The Outback covers most of Australia.
Most people think that the Outback is arid, but it receives a fair amount of rain (averaging 200 to 250mm per year).
Temperatures in the central deserts can reach 50 degrees in the summer, but plunge to as c-c-c-cold as minus 10 in winter.
More than 90% of the Australian population live in urban areas on the coastal fringes – the Outback is therefore mostly uninhabited.
The Outback is also known as the 'Never-Never', 'back of beyond' or 'back o’Burke'.
The longest stretch of a straight railway track croses the Nullarbor Plain in the Outback for almost 500km. Just south of here is the longest straight stretch of road at 140km!
Although most people think that there is real danger of snakes and spiders in the Outback, it’s over-exaggerated. In fact, Australia's most deadly spider (the funnelweb) is found in Sydney.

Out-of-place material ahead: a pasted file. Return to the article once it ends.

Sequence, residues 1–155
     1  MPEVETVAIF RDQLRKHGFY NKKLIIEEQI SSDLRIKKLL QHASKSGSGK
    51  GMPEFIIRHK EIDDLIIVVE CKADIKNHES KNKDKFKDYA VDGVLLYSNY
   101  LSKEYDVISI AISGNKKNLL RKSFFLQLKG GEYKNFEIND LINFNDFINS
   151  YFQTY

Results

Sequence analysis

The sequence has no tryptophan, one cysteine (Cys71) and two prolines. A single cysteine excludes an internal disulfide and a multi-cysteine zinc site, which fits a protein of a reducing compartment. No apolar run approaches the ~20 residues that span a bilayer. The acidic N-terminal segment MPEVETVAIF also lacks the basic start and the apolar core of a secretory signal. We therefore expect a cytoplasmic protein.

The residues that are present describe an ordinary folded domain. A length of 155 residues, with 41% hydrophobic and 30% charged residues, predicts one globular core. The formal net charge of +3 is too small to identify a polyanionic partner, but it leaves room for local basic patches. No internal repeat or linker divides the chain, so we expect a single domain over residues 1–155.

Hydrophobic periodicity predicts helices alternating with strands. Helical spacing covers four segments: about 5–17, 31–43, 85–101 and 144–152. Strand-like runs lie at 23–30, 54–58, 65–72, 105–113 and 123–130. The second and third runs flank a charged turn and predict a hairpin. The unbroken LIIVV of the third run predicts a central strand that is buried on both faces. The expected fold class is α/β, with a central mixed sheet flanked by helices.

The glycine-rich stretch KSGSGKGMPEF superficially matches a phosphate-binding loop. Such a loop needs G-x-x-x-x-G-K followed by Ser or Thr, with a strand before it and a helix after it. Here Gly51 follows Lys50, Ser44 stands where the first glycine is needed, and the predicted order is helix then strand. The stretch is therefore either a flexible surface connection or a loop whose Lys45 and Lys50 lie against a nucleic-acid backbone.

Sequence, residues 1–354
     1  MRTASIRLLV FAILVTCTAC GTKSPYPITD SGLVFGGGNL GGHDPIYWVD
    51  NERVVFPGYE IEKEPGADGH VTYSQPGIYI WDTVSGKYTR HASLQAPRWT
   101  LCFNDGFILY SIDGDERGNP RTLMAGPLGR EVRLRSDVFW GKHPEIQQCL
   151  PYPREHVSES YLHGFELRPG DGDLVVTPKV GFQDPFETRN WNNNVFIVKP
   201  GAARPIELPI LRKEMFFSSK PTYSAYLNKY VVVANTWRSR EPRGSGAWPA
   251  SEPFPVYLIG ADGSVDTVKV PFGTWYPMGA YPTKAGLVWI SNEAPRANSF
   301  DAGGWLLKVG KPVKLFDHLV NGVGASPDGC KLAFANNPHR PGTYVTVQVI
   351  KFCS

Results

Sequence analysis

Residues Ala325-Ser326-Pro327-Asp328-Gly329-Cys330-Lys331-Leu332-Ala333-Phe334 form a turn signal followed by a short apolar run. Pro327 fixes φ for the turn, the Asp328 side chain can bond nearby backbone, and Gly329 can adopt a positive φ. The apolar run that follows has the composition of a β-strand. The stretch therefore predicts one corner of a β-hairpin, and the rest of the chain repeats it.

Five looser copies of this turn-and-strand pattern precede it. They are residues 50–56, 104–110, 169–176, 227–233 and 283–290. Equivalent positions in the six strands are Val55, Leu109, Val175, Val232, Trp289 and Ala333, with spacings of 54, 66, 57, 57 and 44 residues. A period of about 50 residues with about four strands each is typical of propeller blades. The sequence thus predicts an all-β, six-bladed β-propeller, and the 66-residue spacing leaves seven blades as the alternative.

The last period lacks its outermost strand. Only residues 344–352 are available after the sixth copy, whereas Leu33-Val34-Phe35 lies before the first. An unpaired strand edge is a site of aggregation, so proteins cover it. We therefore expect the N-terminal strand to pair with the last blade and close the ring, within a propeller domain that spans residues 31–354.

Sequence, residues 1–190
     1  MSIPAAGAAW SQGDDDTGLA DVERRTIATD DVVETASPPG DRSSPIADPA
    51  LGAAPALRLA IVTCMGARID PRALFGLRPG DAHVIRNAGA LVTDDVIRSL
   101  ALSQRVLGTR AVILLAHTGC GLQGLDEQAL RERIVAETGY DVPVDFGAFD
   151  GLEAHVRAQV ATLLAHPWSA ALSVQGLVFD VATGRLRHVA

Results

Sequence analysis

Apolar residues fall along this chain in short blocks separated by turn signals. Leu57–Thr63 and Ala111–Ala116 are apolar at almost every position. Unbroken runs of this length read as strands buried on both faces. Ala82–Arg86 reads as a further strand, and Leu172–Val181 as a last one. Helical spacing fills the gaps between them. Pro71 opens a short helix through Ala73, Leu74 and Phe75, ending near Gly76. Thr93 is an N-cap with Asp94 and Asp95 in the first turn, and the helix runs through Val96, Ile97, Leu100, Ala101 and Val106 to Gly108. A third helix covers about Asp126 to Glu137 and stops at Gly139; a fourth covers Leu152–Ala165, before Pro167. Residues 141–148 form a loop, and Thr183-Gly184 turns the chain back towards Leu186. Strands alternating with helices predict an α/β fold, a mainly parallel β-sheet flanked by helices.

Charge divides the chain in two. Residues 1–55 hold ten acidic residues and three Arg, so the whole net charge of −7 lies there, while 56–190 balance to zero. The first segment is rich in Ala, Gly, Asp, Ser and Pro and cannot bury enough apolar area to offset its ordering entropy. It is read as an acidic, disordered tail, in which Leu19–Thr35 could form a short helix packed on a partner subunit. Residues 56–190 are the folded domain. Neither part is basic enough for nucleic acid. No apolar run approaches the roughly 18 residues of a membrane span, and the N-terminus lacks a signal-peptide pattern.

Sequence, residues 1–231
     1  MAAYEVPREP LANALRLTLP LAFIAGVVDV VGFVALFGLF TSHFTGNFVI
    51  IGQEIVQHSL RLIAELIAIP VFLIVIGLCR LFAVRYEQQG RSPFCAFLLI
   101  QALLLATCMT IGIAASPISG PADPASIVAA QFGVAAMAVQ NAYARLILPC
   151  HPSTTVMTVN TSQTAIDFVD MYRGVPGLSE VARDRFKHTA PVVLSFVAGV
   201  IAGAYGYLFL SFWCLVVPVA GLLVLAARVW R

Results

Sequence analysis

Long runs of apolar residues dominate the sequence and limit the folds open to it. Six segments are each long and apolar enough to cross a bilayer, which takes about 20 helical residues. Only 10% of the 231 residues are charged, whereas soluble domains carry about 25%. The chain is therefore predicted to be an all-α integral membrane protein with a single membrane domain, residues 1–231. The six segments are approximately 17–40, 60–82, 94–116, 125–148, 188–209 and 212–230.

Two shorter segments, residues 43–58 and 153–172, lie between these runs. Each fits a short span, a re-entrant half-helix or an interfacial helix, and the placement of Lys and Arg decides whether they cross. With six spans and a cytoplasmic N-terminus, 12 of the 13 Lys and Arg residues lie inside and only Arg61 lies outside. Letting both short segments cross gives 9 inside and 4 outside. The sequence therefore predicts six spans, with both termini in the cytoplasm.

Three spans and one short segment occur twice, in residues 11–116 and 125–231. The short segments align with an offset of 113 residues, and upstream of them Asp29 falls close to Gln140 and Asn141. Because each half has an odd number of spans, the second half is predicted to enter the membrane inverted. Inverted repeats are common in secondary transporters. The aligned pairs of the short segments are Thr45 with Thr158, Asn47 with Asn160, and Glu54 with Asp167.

The Outback has the only known fossilised dinosaur stampede in the world! Thousands of footprints are preserved in mudstone near Lark Quarry, 110km south of Winton.
The Outback doesn’t have a specific size or location – it’s just a term that is used to describe any sparsely populated areas of our country.
Due to its low humidity and the lack of light pollution, the Outback is one of the best places in the world for stargazing. In fact, astronomers can enjoy uninterrupted views of constellations, planets and up to 5,500 stars!
The longest fence in the world is the 5531km dingo fence that runs from South Australia through NSW to Queensland.
The largest employment sectors in the Australian Outback are the mining industry, agriculture and tourism.
The Outback is the only place where Australian Aborigines still live in a completely traditional way.
Anna Creek station near William Creek (where Chris visited in his Outback mail run trip) is the largest cattle station in the world – it’s actually about the same size as Belgium!